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You are here: Hi-Tech Cambridge Science Centre engineers innovation without frontiers

Cambridge Science Centre engineers innovation without frontiers

CambridgeScienceCentre

Families bold enough to set aside the suntan lotion and barbecue briquettes this summer have been handed the chance to trample down innovation frontiers in a test of extreme engineering at a Cambridge UK science & technology hub.

Cambridge Science Centre has joined forces with the Department of Engineering at Cambridge University to challenge families to build and test their own ideas.

Visitors to the Extreme Engineering exhibition, which opens to the public at the science centre (18 Jesus Lane, Cambridge) on July 24 will receive plenty of stimulation to trigger their inspiration.

They will get to discover how we build the world’s tallest and strongest buildings, how shrinking electronics is radically changing our lives, and how to go really fast (and slow things back down – including bullets!).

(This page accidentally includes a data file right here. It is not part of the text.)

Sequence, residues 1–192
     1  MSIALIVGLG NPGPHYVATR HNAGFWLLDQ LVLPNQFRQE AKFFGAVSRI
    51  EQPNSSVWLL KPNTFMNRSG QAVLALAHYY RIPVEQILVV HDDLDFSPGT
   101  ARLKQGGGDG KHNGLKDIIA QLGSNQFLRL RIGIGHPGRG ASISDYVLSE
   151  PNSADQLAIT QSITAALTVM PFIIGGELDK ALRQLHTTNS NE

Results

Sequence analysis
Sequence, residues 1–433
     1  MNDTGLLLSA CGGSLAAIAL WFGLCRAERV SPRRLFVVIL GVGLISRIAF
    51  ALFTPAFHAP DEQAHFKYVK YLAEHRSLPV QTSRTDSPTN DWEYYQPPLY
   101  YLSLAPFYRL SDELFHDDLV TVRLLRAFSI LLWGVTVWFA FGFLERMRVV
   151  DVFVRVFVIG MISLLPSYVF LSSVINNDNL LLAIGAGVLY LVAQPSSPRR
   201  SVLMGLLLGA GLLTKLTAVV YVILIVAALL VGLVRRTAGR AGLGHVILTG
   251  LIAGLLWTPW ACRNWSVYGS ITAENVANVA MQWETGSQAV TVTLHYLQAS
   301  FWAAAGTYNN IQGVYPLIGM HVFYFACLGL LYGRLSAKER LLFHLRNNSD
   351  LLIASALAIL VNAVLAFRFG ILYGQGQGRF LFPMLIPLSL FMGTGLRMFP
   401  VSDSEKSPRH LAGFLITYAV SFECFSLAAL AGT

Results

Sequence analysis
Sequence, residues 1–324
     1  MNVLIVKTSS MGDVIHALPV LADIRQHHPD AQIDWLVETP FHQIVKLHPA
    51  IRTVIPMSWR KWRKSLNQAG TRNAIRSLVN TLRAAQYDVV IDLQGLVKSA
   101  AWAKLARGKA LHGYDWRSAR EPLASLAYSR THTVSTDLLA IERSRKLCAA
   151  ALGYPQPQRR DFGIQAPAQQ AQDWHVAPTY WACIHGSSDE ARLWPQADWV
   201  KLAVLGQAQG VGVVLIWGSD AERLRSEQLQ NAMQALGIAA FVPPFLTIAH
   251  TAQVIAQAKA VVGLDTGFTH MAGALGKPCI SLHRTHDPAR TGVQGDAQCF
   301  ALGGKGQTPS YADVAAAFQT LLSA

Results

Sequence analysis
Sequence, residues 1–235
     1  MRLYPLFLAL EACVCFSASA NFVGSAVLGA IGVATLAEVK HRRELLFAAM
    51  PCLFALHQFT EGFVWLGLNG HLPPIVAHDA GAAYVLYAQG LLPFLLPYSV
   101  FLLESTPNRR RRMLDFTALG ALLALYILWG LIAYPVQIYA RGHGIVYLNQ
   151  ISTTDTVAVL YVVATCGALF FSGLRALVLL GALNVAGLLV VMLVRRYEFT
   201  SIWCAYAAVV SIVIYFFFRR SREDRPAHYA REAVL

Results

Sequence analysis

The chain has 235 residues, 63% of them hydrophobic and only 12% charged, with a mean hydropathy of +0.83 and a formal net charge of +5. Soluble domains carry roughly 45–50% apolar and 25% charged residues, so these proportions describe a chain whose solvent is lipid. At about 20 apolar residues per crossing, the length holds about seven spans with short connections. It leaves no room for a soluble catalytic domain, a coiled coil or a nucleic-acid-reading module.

The science of speed, construction and miniaturisation will be explored through brand new hands-on exhibits, amazing objects and lively science shows.

The centre has worked closely with research groups within the Department of Engineering to bring this exhibition to life. The summer programme will be packed with opportunities for the public to meet research engineers in Cambridge and get a feel for the projects they are working on.

Professor Dame Ann Dowling, head of the Department, said: “The Department of Engineering has really enjoyed working alongside the Cambridge Science Centre on this exhibition. Showcasing the incredible scope of engineering through exhibitions like this is a great way to capture the interest of young people.”

Since opening last year, the science centre has had nearly 40,000 visitors. The ‘Extreme Engineering’ exhibition is a major update to the exhibition floor and it will offer a great experience to new and repeat visitors alike. This exhibition and its event programme is sponsored by ARM, MathWorks and Microsoft Research.

• PHOTOGRAPH: © All rights reserved by CambridgeScienceCentre

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